Early in 2018 the APC welcomed a new research administrator, Rifqah Kahn, who now manages the project with great deftness. In September, we said goodbye to APC archivist, Chloe Rushovich who left to do a Masters degree at Cambridge University, and late in the year, to APC librarian and archival assistant, Katie Garrun. In mid- 2018, the NRF Research Chair was renewed for a further five years. Highlights of 2018 in the APC included two remarkable fieldtrips with archaeological angles; two very successful research development workshops at which a total of over 40 research papers were presented; submission of the APC's essay collection, Babel Abroad, to Wits University Press; launch of the open report, Ground of Struggle: Four Decades of Archival Activism; and the publication by APC researchers of some 14 research articles and one book, as well the presentation of 8 exhibitions and performance pieces.
In the week of 20-24 August, 2018, NRF Research Chair, Carolyn Hamilton, participated in the second Theory from Africa Workshop organised by Professor Dilip Menon, of the Centre for Indian Studies in Africa, Wits University. The workshop tackled the question of what it means to theorise with concepts from the global south about the historical experience of Africa, Asia, Latin America and the Caribbeans.
At the beginning of October, I participated in a five-day book manuscript development workshop (MDW) in Dar es Salaam, organised by the African Humanities Programme (AHP) of the American Council of Learned Societies (ACLS). This is just one of the benefits of the AHP programme for which Fellows can apply beyond the fellowship period itself (in my case 2017-18). The AHP programme seeks to reinvigorate the humanities in Africa through fellowship competitions in Ghana, Nigeria, South Africa, Tanzania, and Uganda.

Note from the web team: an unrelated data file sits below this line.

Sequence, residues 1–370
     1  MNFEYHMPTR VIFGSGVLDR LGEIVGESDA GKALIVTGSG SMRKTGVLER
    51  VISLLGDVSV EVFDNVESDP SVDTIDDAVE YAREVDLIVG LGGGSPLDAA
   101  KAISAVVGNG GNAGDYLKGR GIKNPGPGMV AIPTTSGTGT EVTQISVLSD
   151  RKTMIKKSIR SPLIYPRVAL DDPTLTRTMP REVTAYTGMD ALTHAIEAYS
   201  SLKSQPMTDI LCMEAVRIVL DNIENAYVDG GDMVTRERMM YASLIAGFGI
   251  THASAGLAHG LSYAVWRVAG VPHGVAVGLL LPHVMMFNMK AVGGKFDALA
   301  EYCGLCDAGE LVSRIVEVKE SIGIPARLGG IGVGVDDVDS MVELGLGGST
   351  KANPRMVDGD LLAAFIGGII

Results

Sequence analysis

The Archival Platform's report, A Ground of Struggle: Four decades of Archival Activism in South Africa was launched on 4 October 2018 at a dialogue convened by the Nelson Mandela Foundation in partnership with the Hanns Seidel Foundation. This event marked the 20th anniversary of the submission of the Truth and Reconciliation Commission of South Africa Report to President Nelson Mandela and, concurrently, the launch of the Archival Platform's Report and The Presidential Years, an online archival resource.
The APC's second research development workshop of 2018 took place from 31 October to 2 November at a new venue, Inyathelo in Woodstock. The open, bright, spacious seminar room was a welcome change and proved conducive for both our workshop discussions and the book event which followed. This research workshop epitomised the now-customary critical and engaging discussions of pre-circulated work-in-progress across disciplines and academic expertise, yet also encompassed a remarkable walk-about through an art exhibition and two book events, making it especially noteworthy.
In October, Greener Pastures, an exhibition by Gerald Machona was hosted at the Goodman Gallery in Cape Town. The exhibition is part of his PhD research undertaken in the APC. It is an enquiry into his experience of transnational union between Zimbabwe and South Africa.
Follow the link below for more information on this exhibition and his artistic practice.